Gerolamo Cardano

Girolamo CardanoCardanoJerome CardanCardanusCardanCardano, GerolamoHieronymus Cardanuscardan suspensionCardano, GirolamoGeralomo Cardano
Gerolamo (or Girolamo, or Geronimo ) Cardano (Jérôme Cardan; Hieronymus Cardanus; 24 September 1501 – 21 September 1576) was an Italian polymath, whose interests and proficiencies ranged from being a mathematician, physician, biologist, physicist, chemist, astrologer, astronomer, philosopher, writer, and gambler.wikipedia
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Drive shaft

propeller shaftdriveshaftshaft
Cardano partially invented and described several mechanical devices including the combination lock, the gimbal consisting of three concentric rings allowing a supported compass or gyroscope to rotate freely, and the Cardan shaft with universal joints, which allows the transmission of rotary motion at various angles and is used in vehicles to this day.
A drive shaft, driveshaft, driving shaft, tailshaft (Australian English), propeller shaft (prop shaft), or Cardan shaft (after Girolamo Cardano) is a mechanical component for transmitting torque and rotation, usually used to connect other components of a drive train that cannot be connected directly because of distance or the need to allow for relative movement between them.

Universal joint

Cardan jointuniversal jointscardan
Cardano partially invented and described several mechanical devices including the combination lock, the gimbal consisting of three concentric rings allowing a supported compass or gyroscope to rotate freely, and the Cardan shaft with universal joints, which allows the transmission of rotary motion at various angles and is used in vehicles to this day.
A universal joint (universal coupling, U-joint, Cardan joint, Spicer or Hardy Spicer joint, or Hooke's joint) is a joint or coupling connecting rigid rods whose axes are inclined to each other, and is commonly used in shafts that transmit rotary motion.

Gimbal

gimbalsCardan suspensiongimballed
Cardano partially invented and described several mechanical devices including the combination lock, the gimbal consisting of three concentric rings allowing a supported compass or gyroscope to rotate freely, and the Cardan shaft with universal joints, which allows the transmission of rotary motion at various angles and is used in vehicles to this day.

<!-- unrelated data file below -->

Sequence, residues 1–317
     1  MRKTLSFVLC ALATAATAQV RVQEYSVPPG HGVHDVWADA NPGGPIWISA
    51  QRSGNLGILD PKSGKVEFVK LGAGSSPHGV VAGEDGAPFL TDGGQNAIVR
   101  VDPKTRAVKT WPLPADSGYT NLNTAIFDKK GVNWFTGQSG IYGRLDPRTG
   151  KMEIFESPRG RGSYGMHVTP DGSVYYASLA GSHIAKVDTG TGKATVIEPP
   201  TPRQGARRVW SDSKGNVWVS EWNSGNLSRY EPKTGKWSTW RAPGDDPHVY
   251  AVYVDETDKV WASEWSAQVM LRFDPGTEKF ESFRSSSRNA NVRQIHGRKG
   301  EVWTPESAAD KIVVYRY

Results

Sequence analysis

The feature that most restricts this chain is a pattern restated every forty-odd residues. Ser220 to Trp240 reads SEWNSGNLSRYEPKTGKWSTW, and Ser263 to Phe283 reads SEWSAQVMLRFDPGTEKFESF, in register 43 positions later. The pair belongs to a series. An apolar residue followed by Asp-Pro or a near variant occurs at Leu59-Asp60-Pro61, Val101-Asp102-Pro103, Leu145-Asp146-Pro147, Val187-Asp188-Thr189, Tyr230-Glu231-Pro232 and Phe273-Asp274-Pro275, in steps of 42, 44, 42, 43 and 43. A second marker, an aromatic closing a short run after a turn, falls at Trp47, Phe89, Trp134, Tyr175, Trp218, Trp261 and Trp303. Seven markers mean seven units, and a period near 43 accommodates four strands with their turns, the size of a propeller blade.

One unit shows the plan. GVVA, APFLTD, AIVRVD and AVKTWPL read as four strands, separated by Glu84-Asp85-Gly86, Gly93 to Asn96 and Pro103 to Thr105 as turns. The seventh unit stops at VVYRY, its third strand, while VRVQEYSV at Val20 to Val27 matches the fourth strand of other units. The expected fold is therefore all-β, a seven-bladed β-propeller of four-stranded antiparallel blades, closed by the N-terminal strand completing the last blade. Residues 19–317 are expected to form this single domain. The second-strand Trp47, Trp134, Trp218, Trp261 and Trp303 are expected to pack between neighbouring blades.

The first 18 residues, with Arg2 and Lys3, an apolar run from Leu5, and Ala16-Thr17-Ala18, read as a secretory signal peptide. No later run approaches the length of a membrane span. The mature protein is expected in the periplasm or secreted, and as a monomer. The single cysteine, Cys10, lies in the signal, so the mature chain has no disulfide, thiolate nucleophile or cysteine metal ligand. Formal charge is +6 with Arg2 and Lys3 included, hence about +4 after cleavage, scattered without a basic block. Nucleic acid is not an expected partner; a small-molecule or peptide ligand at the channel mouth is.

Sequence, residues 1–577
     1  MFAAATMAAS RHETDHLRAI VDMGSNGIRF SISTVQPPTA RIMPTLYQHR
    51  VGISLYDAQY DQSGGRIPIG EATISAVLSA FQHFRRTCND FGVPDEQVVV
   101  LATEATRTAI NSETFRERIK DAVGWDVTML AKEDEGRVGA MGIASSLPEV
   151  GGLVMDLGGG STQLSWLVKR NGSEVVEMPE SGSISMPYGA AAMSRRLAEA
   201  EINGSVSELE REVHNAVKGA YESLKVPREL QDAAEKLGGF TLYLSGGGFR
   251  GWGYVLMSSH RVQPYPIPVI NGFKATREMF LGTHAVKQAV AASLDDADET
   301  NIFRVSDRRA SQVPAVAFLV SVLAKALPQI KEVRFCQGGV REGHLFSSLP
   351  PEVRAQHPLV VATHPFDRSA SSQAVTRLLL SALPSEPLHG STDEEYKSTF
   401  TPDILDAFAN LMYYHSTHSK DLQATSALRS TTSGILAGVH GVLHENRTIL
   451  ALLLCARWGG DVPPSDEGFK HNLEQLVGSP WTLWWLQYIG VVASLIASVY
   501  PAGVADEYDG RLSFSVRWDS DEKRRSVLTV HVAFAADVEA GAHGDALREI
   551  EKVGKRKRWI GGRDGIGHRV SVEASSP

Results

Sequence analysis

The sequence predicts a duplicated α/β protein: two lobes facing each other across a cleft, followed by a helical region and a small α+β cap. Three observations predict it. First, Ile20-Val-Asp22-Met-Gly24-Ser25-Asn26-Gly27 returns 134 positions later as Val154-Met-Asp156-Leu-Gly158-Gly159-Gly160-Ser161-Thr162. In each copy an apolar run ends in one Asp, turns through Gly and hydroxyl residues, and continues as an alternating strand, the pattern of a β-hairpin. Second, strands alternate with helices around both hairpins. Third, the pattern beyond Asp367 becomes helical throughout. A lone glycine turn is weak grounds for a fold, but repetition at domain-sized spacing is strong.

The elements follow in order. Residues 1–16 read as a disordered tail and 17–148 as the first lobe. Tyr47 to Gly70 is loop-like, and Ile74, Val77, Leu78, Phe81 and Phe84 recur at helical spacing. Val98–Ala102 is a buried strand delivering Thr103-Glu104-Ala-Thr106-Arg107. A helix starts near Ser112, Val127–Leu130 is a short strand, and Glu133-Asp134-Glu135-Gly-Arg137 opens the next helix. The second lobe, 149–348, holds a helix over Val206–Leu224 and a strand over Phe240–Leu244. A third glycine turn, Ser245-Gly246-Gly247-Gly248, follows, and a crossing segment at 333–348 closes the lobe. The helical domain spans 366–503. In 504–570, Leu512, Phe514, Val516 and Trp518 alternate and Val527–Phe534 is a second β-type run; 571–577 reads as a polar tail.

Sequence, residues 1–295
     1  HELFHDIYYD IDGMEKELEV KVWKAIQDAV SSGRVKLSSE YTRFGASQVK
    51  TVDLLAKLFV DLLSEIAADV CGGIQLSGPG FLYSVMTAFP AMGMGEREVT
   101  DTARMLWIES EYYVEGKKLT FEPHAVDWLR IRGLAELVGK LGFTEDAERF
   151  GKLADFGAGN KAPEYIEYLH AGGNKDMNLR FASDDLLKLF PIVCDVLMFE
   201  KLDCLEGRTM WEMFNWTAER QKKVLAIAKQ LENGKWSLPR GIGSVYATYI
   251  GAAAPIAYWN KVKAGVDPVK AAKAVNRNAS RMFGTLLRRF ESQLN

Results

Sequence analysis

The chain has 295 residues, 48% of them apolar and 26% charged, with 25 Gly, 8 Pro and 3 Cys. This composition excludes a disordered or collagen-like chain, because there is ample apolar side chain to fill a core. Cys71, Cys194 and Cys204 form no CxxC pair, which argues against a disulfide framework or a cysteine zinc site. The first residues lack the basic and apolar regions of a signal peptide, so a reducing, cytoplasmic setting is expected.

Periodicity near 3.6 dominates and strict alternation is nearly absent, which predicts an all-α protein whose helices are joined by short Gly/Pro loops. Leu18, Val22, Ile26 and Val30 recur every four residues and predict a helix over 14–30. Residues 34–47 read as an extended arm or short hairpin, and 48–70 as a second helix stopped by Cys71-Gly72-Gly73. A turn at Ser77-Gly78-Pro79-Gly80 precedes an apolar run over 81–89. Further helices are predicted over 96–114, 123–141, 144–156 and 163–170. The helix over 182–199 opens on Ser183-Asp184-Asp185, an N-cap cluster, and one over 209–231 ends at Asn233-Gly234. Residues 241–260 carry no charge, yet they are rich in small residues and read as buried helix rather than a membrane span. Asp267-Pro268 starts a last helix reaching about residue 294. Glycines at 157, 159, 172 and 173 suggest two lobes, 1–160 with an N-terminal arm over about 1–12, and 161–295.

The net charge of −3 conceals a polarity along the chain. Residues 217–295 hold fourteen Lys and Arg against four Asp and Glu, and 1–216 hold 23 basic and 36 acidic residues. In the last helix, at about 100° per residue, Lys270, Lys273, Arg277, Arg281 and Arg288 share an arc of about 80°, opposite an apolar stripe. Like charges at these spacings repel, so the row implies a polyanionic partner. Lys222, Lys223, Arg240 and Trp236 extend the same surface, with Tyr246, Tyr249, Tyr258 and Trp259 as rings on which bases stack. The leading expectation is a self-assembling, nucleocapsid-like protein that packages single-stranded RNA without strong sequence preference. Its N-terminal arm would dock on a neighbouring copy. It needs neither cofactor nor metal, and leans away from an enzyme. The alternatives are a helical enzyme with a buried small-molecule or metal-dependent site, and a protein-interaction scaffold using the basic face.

The gimbal suspension used for mounting compasses and the like is sometimes called a Cardan suspension after Italian mathematician and physicist Gerolamo Cardano (1501–1576) who described it in detail.

Probability

probabilisticprobabilitieschance
He was one of the most influential mathematicians of the Renaissance, and was one of the key figures in the foundation of probability and the earliest introducer of the binomial coefficients and the binomial theorem in the Western world.
The sixteenth century Italian polymath Gerolamo Cardano demonstrated the efficacy of defining odds as the ratio of favourable to unfavourable outcomes (which implies that the probability of an event is given by the ratio of favourable outcomes to the total number of possible outcomes ).

Astrology

astrologerastrologicalastrologers
Gerolamo (or Girolamo, or Geronimo ) Cardano (Jérôme Cardan; Hieronymus Cardanus; 24 September 1501 – 21 September 1576) was an Italian polymath, whose interests and proficiencies ranged from being a mathematician, physician, biologist, physicist, chemist, astrologer, astronomer, philosopher, writer, and gambler.
Gerolamo Cardano cast the horoscope of king Edward VI of England, while John Dee was the personal astrologer to queen Elizabeth I of England.

Hypocycloid

hypocycloidal gearcyclical curvehypocycloid curve
He made significant contributions to hypocycloids, published in De proportionibus, in 1570.
Girolamo Cardano was the first to describe these hypocycloids and their applications to high-speed printing.